Stressors: Obvious and Not So Obvious

When my son was born he had a serious condition which fortunately was easily corrected by surgery.  My husband and I of course took turns spending 24 hours a day at the hospital.  On the entrance wall was a huge chart assigning values to  various stressors.  The idea, simplistic as it was, was to add up the values of the stressors affecting your life and see where it fell on a scale from extreme to very little.  What you did with that information was up to you. This was the first time  that I realized that events that I would usually think of as  positive  could be stressors.  The one that stuck out for me was buying a new home.

As detailed in my memoir Examined Lives, I led a trauma-filled childhood and then many years later suffered three major depressions.   So the recent research showing that childhood trauma has lasting effects is hardly surprising to me.

Can the effects of stress last a lifetime?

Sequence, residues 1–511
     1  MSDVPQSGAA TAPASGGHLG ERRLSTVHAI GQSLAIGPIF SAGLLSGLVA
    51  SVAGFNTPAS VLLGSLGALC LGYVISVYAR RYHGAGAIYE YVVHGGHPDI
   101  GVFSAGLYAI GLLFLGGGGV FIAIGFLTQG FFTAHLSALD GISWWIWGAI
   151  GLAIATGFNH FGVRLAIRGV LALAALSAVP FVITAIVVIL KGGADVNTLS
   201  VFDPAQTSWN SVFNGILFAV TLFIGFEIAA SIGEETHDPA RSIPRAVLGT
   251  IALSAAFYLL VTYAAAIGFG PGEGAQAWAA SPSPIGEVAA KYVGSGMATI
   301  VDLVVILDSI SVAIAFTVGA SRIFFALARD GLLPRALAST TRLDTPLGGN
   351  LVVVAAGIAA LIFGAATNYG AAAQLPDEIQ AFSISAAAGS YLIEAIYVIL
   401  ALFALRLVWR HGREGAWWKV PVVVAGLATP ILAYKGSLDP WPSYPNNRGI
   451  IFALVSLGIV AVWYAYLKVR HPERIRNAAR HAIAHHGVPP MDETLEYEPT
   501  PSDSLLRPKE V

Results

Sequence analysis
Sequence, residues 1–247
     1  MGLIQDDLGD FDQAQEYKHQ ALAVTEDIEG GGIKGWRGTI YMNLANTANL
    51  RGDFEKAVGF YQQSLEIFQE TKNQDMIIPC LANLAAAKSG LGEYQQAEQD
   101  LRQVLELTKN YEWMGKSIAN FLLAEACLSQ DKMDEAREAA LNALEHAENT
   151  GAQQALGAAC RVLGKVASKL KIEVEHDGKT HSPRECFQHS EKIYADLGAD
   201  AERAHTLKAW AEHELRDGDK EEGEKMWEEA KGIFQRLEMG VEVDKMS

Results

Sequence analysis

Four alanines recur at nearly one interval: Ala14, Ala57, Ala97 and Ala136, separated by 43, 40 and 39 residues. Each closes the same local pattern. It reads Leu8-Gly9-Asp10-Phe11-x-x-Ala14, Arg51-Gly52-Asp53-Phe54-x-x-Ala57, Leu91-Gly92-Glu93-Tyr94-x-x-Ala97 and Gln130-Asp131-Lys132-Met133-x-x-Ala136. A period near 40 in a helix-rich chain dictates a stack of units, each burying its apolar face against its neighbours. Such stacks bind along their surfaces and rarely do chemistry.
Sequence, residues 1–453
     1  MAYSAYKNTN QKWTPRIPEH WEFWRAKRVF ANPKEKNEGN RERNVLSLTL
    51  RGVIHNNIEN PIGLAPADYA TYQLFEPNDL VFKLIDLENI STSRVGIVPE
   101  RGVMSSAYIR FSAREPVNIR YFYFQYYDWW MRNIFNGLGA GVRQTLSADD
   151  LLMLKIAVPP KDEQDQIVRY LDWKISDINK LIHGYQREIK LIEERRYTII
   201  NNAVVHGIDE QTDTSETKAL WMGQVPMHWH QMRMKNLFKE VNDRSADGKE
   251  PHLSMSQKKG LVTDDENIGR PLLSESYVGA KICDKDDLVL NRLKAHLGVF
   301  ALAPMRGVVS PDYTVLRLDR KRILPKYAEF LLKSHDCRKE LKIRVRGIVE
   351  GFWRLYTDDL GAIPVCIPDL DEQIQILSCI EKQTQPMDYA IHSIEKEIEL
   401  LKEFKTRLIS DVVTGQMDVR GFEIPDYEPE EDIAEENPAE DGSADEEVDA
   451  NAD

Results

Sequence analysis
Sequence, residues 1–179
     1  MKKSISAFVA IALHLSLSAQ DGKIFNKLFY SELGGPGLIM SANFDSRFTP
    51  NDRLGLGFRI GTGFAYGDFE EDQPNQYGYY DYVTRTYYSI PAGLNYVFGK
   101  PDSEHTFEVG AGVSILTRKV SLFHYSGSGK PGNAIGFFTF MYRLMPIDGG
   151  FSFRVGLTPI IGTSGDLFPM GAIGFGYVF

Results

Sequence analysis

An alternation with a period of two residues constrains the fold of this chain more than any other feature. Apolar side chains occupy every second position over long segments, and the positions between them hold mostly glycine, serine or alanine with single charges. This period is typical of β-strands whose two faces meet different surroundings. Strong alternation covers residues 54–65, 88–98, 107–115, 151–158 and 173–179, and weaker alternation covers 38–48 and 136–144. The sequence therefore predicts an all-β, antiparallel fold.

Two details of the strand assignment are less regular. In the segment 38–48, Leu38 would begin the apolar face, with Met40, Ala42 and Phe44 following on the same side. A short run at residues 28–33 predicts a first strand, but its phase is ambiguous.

But there were two more recently studied sources of stressors involving our everyday activities that did surprise me.  One is the food we eat or rather do not eat.

The other is our phone use.  It turns out it is addictive.  That seems apparent as you watch people constantly working their phones on the street, in elevators, walking with their children and/or dogs when they should be paying attention to what is around them.  But it turns out using it raises the level of cortisol in our system—not good for many potential health conditions, including our mental health.  The article from the NY Times below gives sensible advice on how to lower your dependence on your phone.  It is worth considering!

 

 

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